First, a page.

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PS3 Scales 1080i To 480p On HDTVs 125

Dr. Eggman writes "According to an article from IGN, PS3 owners are finding that 1080i-only HDTV sets are scaling down launch games to 480p. The scale-down occurs because the launch games do not support 1080i, however they should be scaling down to an HD resolution of 720 instead of 480p. It is unknown if this is a technical or software issue and if it can be patched soon." ABC news is reporting that a patch which should be available to PS3 owners soon will correct the backward compatibility issues we discussed the other day.
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PS3 Scales 1080i To 480p On HDTVs

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  • Re:1080i 720p? (Score:3, Insightful)

    by 0123456 ( 636235 ) on Thursday November 16, 2006 @03:04PM (#16873338)
    Hint: the reason it's called '1080i' is because there are 1080 lines, not 576, and they're interlaced.
  • by ben there... ( 946946 ) on Thursday November 16, 2006 @03:16PM (#16873530) Journal
    Quick summary:
    If your TV doesn't support a given resolution (720p), the PS3 prefers to downscale (to 480p) instead of upscale (to 1080i), giving you low resolution games (480p).

    The games' only fault is being released at 720p. The PS3 does the rest of the crappiness by turning that into 480p.
  • Re:1080i 720p? (Score:3, Insightful)

    by Diomedes01 ( 173241 ) on Thursday November 16, 2006 @03:24PM (#16873730)
    But it only shows 540 (got my #s mixed up).

    On a CRT set, this may be the case. AFAIK, all fixed-pixel displays must internally convert a signal progressively before displaying it. Thus, a 1080i signal (1 frame of 540 lines sent 60 times per second) is internally interlaced to generate 30 frames of 1080 lines. Native progressive signals (480p, 720p, 1080p) provide the full number of lines 60 times per second, thus providing more natural-looking motion. This is why (IMHO) sports look better in 720p than in 1080i, despite the additional lines of resolution available in 1080i (which are essentially thrown out on any non-1080P capable TV, since they typically only have ~768 lines of resolution).

  • by Anonymous Coward on Thursday November 16, 2006 @03:28PM (#16873832)
    Typically, carry the console to a friend's house.

    Alternatively, you can borrow a laptop with a modem and set it up as a router till you have the patch (which at 56k will be quite a while).

    I'm pretty disappointed that patching is standard for next-gen console games. Broken games suck, and a patch is better than nothing. However, broken games should never get shipped in the first place. Platform holders should fine companies that do so and refund consumers.
  • by mrchaotica ( 681592 ) * on Thursday November 16, 2006 @03:30PM (#16873850)

    If a game isn't fun enough to be worth playing in 480p, it isn't fun enough to play in 1080i either! So why get it at all?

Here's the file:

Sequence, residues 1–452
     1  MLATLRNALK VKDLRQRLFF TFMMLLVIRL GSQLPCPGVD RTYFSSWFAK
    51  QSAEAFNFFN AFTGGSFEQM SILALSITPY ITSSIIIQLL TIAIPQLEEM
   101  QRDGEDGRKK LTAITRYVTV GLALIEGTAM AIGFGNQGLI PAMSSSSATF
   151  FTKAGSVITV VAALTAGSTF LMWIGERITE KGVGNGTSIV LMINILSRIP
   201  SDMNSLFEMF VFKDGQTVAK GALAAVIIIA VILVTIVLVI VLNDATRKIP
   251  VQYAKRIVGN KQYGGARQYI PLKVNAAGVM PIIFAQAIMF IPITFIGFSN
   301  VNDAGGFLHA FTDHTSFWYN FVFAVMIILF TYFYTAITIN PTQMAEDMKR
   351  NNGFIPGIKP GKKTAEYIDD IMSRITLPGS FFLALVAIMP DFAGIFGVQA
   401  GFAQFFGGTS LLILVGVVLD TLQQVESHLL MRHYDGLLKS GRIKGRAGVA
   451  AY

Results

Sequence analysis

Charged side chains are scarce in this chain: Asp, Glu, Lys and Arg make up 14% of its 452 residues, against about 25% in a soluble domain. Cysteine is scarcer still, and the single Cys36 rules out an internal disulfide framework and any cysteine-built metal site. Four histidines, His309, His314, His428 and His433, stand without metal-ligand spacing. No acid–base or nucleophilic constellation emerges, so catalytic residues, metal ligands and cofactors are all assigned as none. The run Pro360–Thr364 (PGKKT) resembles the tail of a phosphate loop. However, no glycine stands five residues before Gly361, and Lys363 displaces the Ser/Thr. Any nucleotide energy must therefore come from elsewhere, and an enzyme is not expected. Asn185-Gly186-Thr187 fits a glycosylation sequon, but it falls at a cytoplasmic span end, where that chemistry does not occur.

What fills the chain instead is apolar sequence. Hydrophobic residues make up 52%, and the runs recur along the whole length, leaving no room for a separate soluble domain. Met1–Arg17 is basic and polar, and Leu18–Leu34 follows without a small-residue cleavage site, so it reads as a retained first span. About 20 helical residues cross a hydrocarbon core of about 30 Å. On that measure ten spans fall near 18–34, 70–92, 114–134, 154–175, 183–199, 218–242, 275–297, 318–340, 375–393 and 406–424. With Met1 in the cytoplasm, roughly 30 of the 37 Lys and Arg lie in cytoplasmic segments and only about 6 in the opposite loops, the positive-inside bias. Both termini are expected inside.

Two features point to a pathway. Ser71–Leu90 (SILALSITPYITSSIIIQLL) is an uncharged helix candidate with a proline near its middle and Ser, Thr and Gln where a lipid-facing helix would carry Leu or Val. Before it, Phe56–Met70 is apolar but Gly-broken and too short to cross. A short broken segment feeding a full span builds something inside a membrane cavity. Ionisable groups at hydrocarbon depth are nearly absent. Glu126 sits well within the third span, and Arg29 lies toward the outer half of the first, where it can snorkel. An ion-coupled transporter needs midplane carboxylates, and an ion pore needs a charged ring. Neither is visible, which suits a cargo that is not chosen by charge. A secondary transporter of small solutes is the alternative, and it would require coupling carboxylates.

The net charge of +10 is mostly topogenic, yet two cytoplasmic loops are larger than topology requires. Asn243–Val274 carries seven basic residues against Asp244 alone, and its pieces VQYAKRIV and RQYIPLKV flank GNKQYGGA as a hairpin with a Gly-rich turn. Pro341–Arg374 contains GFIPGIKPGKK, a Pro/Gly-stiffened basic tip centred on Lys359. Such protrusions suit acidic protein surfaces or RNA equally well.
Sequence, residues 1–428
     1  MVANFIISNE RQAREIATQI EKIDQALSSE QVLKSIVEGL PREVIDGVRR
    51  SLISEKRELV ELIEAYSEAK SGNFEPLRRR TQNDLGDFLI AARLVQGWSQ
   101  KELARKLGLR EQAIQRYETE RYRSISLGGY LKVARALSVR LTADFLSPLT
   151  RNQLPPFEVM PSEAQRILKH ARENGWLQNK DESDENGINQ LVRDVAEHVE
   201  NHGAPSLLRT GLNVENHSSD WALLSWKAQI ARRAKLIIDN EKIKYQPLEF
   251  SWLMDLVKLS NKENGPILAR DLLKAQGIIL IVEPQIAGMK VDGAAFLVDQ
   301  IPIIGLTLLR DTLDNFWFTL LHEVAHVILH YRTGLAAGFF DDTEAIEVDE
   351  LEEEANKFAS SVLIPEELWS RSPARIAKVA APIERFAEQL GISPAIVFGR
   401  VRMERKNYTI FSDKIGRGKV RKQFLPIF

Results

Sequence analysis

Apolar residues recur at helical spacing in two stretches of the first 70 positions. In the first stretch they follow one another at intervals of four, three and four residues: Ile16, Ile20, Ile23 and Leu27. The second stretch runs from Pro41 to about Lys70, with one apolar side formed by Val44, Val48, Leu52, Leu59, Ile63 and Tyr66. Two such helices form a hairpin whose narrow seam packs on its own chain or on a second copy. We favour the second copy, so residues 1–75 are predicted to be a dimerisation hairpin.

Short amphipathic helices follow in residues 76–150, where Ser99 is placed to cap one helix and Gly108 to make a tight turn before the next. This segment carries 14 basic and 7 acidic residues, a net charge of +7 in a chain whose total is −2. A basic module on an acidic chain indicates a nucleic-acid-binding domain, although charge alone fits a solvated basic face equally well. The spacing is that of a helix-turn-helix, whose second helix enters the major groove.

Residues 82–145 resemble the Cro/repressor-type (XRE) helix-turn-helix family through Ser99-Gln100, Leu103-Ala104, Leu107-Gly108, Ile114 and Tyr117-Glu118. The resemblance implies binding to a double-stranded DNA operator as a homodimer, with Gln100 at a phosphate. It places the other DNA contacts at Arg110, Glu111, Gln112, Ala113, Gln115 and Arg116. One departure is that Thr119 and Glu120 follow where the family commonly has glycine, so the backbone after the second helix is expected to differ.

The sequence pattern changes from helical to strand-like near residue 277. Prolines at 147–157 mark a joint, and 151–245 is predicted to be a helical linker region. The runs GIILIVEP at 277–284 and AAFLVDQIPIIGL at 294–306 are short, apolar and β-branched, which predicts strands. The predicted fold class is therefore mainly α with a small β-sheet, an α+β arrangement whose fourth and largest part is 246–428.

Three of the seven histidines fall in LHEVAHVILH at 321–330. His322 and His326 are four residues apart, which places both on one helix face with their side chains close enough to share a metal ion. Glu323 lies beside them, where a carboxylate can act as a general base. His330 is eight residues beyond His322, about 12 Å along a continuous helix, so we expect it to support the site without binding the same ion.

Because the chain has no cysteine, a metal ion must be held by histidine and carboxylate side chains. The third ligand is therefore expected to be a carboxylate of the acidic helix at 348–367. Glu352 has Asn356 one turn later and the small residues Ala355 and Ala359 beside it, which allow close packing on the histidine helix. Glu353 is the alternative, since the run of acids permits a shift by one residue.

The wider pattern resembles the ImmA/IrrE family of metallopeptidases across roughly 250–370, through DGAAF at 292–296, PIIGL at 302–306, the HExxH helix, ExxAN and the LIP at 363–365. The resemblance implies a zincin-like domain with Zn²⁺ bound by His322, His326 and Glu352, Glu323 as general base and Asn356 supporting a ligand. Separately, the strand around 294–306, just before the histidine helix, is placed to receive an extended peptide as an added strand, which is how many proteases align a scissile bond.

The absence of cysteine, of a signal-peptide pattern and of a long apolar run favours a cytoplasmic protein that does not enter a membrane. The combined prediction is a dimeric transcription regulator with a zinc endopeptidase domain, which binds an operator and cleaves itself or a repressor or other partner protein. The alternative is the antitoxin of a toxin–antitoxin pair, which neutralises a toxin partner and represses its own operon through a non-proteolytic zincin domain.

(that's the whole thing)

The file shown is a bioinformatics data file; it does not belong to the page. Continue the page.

• Re:1080i 720p? (Score:3, Insightful)

    by Cryptnotic ( 154382 ) * on Thursday November 16, 2006 @03:45PM (#16874126)
    No. 1080i is 1080 lines interlaced. That is, each frame of 1080 lines is divided into two fields, odd and even, each containing 576 lines. All the odd lines are presented to the display first, followed by the even lines. Displays that use this as a native format are usually CRT screens where there is an electron gun that scans across the screen lighting up the phosphors continuously. Interlaced signals work fine for these types of displays, but for a non-scanning display such as a flat-panel display or a digital projector, an interlaced signal must be deinterlaced first to produce a single frame with all the lines appearing sequentially. There can be complications with this, so what is better for these types of displays is to have a progressive image to start with.

    Oh yeah, 1080i can be better than 720p, for example if you have a 1080i native CRT. On the other hand, if you have a 720p-native LCD or plasma TV, the 720p image can probably look better. On the other hand, I have a 852x480 progressive plasma display which does a better job at handling a 1080i signal than it does at handling a 720p signal, at least from my hd cable box. Go figure. I also have a 30" Sony CRT TV. It's got an awesome picture, but the screen isn't so big and the thing is very large and weighs about 200 pounds.

  • Re:ALL consoles? (Score:3, Insightful)

    by hal2814 ( 725639 ) on Thursday November 16, 2006 @03:55PM (#16874358)
    So what were the launch issues and bugs with the 2600, the NES (remember, their big issue came well after launch), SNES, TG16, Genesis, Gameboy, Jaguar, Saturn, N64, Dreamcast, or Gamecube?

    Can you name launch issues with even two or three of the above?

    Most appliances work. Gaming consoles used to be appliances but the more they veer towards being general computing machines and the more they veer towards working with a wide variety of hardware, the more they veer towards having hardware and software issues. But for the record, most consoles DON'T have some kind of issue or bug at launch. Most of them work just fine at launch.
  • by Raenex ( 947668 ) on Friday November 17, 2006 @04:42AM (#16881342)
    Don't worry, you won't be getting one anyway. By the time poor slobs like you can get one they'll have these issues ironed out.

    I'm willing to bet that an "early adopter of HDTV" can plunk down $2,000 to get one from Ebay if he really wanted it.

"Never face facts; if you do, you'll never get up in the morning." -- Marlo Thomas